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Latvia’s prohibition to pass school exams in Russian violates human rights — expert

June 08, 2017, 18:28 UTC+3 RIGA

Almost 2 million people live in Latvia, 40% of which are Russian-speaking

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RIGA, June 8. /TASS/. The deprivation of the right to hold centralized examinations at minority schools in Latvia in the Russian language infringes upon human rights, Head of Latvia’s Society of Russian Culture, Yelena Matyakubova, said today.

"This violates human rights. This is an absolutely unprofessional and politicized step taken by the state. Initially, at the education program development stage, minority schools had the right to choose which subjects would be studied bilingually and which would be studied in Latvian or in Russian," she said in an interview to the Baltkom local radio station.

According to Matyakubova, each school for national minorities has a number of subjects that are studied both in Russian and in Latvian, which helps to achieve better results in studies. "Making school students pass all exams in the state language means destroying the concept of freedom that was initially established," she highlighted.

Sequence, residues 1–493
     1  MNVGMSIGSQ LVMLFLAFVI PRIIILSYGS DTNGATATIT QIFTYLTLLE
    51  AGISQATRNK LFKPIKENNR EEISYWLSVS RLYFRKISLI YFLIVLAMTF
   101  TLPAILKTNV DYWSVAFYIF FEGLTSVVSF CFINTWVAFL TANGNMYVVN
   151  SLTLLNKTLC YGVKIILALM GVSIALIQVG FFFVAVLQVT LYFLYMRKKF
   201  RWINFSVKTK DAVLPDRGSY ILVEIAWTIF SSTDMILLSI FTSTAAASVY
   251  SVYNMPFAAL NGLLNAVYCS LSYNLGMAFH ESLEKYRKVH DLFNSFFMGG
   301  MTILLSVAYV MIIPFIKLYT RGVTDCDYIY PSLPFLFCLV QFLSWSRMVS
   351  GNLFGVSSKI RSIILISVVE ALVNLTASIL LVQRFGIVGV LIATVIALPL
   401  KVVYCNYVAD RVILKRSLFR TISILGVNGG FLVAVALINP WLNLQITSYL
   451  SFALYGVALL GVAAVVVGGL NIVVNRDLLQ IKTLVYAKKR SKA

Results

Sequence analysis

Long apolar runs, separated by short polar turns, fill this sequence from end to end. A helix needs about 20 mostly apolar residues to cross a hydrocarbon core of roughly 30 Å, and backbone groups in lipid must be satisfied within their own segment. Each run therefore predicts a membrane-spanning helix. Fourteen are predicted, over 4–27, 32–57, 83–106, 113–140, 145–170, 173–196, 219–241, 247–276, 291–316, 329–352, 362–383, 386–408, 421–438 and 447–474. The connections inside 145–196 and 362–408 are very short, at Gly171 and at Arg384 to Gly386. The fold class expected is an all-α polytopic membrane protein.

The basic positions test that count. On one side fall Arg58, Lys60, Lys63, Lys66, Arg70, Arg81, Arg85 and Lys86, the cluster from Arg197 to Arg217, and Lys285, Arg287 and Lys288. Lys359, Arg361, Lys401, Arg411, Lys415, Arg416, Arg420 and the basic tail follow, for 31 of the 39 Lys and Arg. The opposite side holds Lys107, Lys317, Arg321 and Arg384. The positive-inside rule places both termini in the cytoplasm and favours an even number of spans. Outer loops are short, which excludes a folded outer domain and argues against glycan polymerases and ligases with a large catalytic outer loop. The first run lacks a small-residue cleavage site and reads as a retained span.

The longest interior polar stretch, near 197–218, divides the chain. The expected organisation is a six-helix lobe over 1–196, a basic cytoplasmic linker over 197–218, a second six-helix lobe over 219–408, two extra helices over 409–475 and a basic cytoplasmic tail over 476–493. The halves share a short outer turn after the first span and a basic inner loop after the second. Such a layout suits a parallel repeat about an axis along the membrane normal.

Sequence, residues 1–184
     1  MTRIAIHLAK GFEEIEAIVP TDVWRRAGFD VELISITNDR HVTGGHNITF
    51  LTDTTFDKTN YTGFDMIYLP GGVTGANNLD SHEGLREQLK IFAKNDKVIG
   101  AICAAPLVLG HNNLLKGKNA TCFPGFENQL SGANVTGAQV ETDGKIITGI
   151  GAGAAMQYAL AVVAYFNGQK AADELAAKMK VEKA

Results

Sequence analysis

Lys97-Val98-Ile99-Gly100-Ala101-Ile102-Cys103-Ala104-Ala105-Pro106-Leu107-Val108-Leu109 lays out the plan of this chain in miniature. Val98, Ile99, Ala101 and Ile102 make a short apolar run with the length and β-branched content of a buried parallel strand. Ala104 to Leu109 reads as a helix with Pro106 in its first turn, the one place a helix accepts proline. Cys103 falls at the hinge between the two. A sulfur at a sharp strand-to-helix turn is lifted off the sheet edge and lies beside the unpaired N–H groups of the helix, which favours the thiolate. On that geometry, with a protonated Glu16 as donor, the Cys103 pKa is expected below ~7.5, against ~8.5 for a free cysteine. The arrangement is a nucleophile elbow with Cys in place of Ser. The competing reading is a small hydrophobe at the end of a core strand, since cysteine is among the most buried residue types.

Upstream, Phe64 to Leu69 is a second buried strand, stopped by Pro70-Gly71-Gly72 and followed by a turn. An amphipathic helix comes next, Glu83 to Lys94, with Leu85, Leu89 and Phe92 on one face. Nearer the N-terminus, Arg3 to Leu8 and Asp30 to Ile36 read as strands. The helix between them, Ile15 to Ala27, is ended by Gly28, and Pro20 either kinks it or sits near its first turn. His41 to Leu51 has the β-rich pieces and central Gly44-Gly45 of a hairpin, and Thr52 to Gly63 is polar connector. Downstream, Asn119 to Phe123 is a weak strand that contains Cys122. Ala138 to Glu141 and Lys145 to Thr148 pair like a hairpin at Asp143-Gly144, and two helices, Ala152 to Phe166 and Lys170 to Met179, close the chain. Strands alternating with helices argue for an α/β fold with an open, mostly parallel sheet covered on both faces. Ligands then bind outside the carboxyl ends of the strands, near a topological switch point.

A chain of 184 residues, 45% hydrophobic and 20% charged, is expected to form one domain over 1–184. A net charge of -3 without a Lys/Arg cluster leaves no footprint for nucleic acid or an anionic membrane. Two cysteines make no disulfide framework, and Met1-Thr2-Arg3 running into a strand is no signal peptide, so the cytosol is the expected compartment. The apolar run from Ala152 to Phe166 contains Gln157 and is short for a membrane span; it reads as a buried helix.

At present, all examination materials in Latvia are being prepared in the state language only, but school students have the right to choose between Latvian and Russian as the examination language. The country’s Education and Science Ministry said Wednesday that it had developed rules, according to which examinations must be held in the Latvian language only.

Almost 2 million people live in Latvia, 40% of which are Russian-speaking. Latvia’s sole state language is Latvian, whereas Russian is considered to be a foreign language.

Since September 1, 2004, the republic has been implementing the education reform in minority schools that caused mass protests. Eventually, a bilingual educational system was established: at Russian high schools only 40% of subjects could be studied in Russian, whereas the rest had to be studied in Latvian. After that, local nationalists made numerous, yet unsuccessful, attempts to switch all state and municipal minority schools to education in Latvian.

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